If you're in the process of starting a small online business, then make sure you take a look at these three most common, and damaging, mistakes entrepreneurs make.
Unfortunately, most people tend to make the biggest mistakes early on while their fledgling startup is still very fragile. That's just the nature of business. The hardest part is earning the first dollar - after that it usually gets easier.
The fact is, the vast majority of all online startups fail - or fail to even earn a cent. But, by avoiding these common pitfalls it is possible to radically increase your chances of success and turn a decent profit.
The following list of potentially terminal startup mistakes should help you avoid wasting time, effort, and money from the outset, and hopefully buy you the time needed to start earning a stable income.
1. Not using the right technology
It doesn't matter whether you are a complete techno geek or completely allergic to technology (especially software and Web development). If you're spending a lot of time and money building a website, you're doing it wrong.
For all but the most specialized of businesses, there already exists state of the art hosted website builders that can do a much better job of creating a website than expensive custom Web design (or a home-made effort).
The real, long term benefits of using website builders are perhaps not immediately obvious at the start, but they will:
- integrate easily with other important online technologies - like accounting, sales, CRM, communications, and marketing software
- undergo constant development (behind the scenes) to stay on the cutting edge of Internet development and trends
- remain low-cost and affordable, offering great value for money due to high competition in this industry
Remember, the cornerstone of any online enterprise is a quality Web platform that is responsive (to support the majority of browsers using mobile devices, like smartphones), flexible, fast, functional and optimized for search.
Talking of search, that's another huge mistake startups tend to make...
2. Relying on Google for Web traffic
Arguably one of the most common scenarios in the modern era of business goes as follows:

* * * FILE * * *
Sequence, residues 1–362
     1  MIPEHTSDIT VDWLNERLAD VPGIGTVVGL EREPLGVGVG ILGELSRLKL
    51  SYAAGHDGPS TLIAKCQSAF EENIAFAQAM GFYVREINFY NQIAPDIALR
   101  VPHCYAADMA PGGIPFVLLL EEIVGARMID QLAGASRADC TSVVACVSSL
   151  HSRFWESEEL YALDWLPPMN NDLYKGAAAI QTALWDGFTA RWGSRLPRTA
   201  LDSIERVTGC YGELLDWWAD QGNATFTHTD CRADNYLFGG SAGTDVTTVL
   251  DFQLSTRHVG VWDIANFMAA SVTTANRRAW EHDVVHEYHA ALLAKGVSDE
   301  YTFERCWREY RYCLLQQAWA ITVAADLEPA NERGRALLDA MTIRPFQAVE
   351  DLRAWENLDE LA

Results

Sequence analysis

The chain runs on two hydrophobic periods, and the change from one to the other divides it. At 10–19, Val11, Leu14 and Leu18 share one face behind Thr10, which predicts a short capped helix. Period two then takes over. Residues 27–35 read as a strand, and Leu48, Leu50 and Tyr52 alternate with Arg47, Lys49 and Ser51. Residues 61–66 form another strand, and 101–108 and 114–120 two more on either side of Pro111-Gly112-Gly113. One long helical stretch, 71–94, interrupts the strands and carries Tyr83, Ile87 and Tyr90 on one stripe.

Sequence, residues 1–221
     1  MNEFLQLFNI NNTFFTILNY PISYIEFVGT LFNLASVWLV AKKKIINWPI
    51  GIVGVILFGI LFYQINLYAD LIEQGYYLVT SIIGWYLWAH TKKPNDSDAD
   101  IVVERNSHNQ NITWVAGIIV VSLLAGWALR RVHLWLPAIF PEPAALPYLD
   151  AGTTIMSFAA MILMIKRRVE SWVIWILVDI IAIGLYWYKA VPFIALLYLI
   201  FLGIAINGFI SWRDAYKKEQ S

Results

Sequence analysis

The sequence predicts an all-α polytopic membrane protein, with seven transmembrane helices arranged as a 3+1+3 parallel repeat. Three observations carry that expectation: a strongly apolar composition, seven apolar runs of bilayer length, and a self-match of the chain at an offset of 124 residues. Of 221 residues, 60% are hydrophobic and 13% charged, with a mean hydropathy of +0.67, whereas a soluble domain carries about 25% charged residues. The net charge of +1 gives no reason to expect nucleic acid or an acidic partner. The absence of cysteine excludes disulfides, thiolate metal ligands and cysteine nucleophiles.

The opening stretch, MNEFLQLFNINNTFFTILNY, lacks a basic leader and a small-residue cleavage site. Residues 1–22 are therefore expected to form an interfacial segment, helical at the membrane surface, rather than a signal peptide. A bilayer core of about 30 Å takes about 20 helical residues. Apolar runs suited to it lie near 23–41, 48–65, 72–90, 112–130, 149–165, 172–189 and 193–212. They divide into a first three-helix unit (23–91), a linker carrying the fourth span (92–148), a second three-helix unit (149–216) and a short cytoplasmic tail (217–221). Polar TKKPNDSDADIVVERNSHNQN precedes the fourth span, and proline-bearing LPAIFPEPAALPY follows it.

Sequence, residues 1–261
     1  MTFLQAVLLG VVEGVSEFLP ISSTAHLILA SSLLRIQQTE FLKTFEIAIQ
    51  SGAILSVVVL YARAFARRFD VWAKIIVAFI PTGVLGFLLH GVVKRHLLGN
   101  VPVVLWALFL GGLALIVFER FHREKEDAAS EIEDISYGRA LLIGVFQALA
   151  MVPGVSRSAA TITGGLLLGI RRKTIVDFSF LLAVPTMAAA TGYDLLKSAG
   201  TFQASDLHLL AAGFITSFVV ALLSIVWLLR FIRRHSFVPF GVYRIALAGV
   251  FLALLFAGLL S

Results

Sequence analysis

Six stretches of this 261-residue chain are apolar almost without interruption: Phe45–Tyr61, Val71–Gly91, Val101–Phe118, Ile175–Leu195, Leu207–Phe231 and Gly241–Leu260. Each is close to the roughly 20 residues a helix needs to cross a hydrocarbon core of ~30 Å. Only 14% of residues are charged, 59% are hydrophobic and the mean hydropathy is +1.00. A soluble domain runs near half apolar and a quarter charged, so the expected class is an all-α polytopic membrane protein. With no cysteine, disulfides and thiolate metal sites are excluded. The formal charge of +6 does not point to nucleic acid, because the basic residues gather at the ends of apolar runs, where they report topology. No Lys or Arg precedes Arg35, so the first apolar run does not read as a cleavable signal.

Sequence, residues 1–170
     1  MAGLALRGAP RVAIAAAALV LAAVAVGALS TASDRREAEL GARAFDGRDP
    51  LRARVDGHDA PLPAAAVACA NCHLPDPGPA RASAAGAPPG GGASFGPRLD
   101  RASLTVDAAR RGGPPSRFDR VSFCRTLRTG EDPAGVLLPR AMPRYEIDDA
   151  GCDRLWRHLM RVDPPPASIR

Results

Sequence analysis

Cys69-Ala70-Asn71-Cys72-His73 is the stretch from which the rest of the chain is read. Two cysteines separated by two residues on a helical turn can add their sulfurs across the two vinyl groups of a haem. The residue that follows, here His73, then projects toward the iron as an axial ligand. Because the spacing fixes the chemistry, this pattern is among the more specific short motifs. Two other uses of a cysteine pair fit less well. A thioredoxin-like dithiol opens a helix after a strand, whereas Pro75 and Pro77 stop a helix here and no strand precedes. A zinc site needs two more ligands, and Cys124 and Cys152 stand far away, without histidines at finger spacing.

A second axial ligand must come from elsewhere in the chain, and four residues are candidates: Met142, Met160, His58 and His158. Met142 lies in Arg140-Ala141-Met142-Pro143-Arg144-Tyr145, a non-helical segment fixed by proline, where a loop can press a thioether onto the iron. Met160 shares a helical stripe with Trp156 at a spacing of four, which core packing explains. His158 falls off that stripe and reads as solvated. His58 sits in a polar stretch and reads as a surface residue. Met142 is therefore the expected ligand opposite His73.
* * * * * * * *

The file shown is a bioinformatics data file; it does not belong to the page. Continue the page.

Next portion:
Joe public starts a new online business. After working hard to set up a site and market it, he starts generating Web traffic from Google. As more and more traffic starts flowing in, Joe's company grows.
a year goes by...
Suddenly, all Joe's traffic disappears, and overnight his business stops generating income. After trying unsuccessfully to regain traffic from Google for 6 months, Joe closes his business down and lays off his employees.
How or why Joe's site lost traffic is irrelevant - it could have been a penalty or it could have simply been that Google changed its mind about what pages it wants to show (there are sometimes over 500 algorithm tweaks a year).
The point here is that Google doesn't care about your business and there is no way to ensure that a site will always generate a healthy amount of traffic.
Don't build your business on the quicksand that is Google search traffic.
Treat Google as the 'icing on the cake'. If you are creating great content for a wide range of marketing activities (such as email marketing), hopefully, quality search traffic will follow anyway.
3. Not generating income early enough
One thing that really struck me the last time I attended a function (highlighting promising startups), was how many entrepreneurs were focused on what they were building and not how to turn their innovations into a business.
Almost without exception, startups came in two flavours:
- innovation focussed
- money focussed
The guys and girls in group one tended to spend all their time working on their precious innovation. Those in group two believed they had a way to make money.
But neither had a clear idea of how their idea was to be put into action - no solid business plan. Not a single startup out of the fifteen finalists had a clear, fast, and attainable path to sustained revenue.
Having a great idea is not enough. You need to know who the target market is, how to reach them, and how to convince them to:
- trust you
- use your product/service/etc
One of my earliest startups succeeded despite me doing everything wrong. I took too long building the technology, I thought I could rely on building organic traffic, I had no plan to market it, and no clear idea about who and how people might use it (I guess I thought doing a good job creating something new meant that people would automatically use it).
So how did it succeed? The answer is simply that it cost me nothing to keep running it. It took five years before one of the few clients using it mentioned it in a forum. That lead to a few more clients, and a few more. The trickle became a stream, and it continues to grow... 5 years down the line.
Unless your business costs nothing to operate, and you have plenty of time on your hands, you will need to have a plan to be sustainable within months - not years.
Remember that sustainable doesn't necessarily mean profitable. It may take a long time to generate real profits, but you won't get there unless the business is sustainable very early on.
So those are my 3 best warnings that I can give to anyone starting their own Internet based venture. What other pitfalls have you encountered? How did you overcome those problems?
Share your advice in the comments.